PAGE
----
AWS:Upload files for docking
- Tutorial 1: AWS:Set up account
- Tutorial 2: AWS:Upload files for docking THIS TUTORIAL
- Tutorial 3: AWS:Submit docking job
- Tutorial 4: AWS:Merge and download results
- Tutorial 5: AWS:Cleanup
Upload files for docking
- You've followed the tutorial for setting up the environment: AWS DOCK Environment Setup
- Following from the previous requirement, you have the aws-setup docker image installed on your machine (we will continue using it in this tutorial)
- Likewise, you will need to know your AWS access key, secret key, etc.
How to copy data to Amazon S3
In the previous tutorial, you created an S3 bucket to set up your environment. S3 buckets act like virtual hard drives, with familiar operations like cp, ls, rm, and mv for storing & manipulating data.
In an AWS docking environment, S3 buckets are responsible for storing dockfiles, input, and output for docking runs. Typically, docking input is sourced from our lab's zinc3d bucket, which houses an enormous amount of db2 data for large docking screens, while dockfiles, output, and other configuration are saved to an environment-specific bucket. For custom screens, like DUDE-Z, input can be uploaded to & sourced from the environment-specific bucket instead.
You can take one of two approaches to get your data into an S3 bucket; the first is less complicated and more intuitive, the second is more complicated but opens more avenues for automation.
Approach 1: Use the browser console
AWS allows uploading files to S3 directly from the browser. Navigate to the S3 console (https://s3.console.aws.amazon.com/s3), where there should be a list of all buckets that your account owns.
Click on the bucket you'd like to upload to, and navigate to the folder within that bucket you want to upload to. You can upload folders and files as you wish through the interface.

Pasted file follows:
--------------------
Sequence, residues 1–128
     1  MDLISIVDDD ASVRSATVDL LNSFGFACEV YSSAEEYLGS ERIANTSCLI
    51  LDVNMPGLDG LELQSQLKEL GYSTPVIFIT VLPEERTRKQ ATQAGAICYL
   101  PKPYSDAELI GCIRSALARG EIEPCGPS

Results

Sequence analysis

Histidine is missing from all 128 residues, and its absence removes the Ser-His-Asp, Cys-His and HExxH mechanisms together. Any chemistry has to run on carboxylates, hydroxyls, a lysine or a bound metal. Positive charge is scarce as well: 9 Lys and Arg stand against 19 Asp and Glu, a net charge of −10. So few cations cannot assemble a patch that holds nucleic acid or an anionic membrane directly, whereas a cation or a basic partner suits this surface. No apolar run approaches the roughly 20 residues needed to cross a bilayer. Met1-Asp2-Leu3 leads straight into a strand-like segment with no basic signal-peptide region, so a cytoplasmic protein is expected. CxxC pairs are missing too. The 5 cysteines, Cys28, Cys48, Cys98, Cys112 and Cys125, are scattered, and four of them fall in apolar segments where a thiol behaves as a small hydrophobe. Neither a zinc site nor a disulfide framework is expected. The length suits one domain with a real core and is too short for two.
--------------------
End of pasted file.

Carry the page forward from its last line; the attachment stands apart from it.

You can click "Copy S3 Uri" in the top right of the interface to copy the full path of the directory or file you are viewing.
Approach 2: AWS CLI
The AWS CLI provides an interface to perform any conceivable operation on AWS resources, including S3 buckets.
The CLI is available on the command line within the aws-setup image, but you may find it more convenient to install the command-line CLI locally to your machine, such that all your files etc are visible. Here is the amazon tutorial on how to install the CLI: https://docs.aws.amazon.com/cli/latest/userguide/getting-started-install.html
For example, the CLI command to copy one file from your local drive into an S3 bucket looks like this:
aws s3 cp myfile.txt s3://mybucket/mydir/myfile.txt
Note that myfile.txt was saved under mydir/myfile.txt on the S3 bucket. Directories are created implicitly in S3, meaning it is not necessary to "mkdir" to create a directory, simply including the directory in the file's path is enough.
For a practical example, say you want to copy your dockfiles to S3. Here's what that looks like:
aws s3 cp --recursive docking_params/5HT2A/dockfiles s3://mybucket/docking_runs/5HT2A/dockfiles
The --recursive argument behaves similarly to "cp -r", allowing you to upload the directory's contents with one command.
If you've been using the aws-setup container to access the AWS CLI, you may be wondering how to find your dockfiles, as your system's usual files are not visible from within the container.
You can link files on your system to the container using docker's "-v" argument. For example, say all your various docking parameters are located under /home/myuser/dockingstuff on your system, and you'd like them to be visible within the aws-setup container somewhere.
docker run --rm -it -v /var/run/docker.sock:/var/run/docker.sock -v /home/myuser/dockingstuff:/tmp/dockingstuff dockingorg/aws-setup:latest
That extra "-v" argument tells docker to make all files under /home/myuser/dockingstuff on your host system visible in the container under the /tmp/dockingstuff directory. Once we've entered the container, we can verify this is true by ls-ing the /tmp/dockingstuff directory:
root@65aa6738db54:/home/awsuser# ls /tmp/dockingstuff 5HT2A something_else README.txt docking_is_cool.smi
Note- if you're a Mac user, there may be some pain with permissions during this step. Your Mac will want you to provide explicit permissions for docker to access the linked directory, here's the docker tutorial on how to fix this: https://docs.docker.com/desktop/mac/#file-sharing.
do not forget about
- DOCK 3.8:Preparing_dockfiles_using_TLDR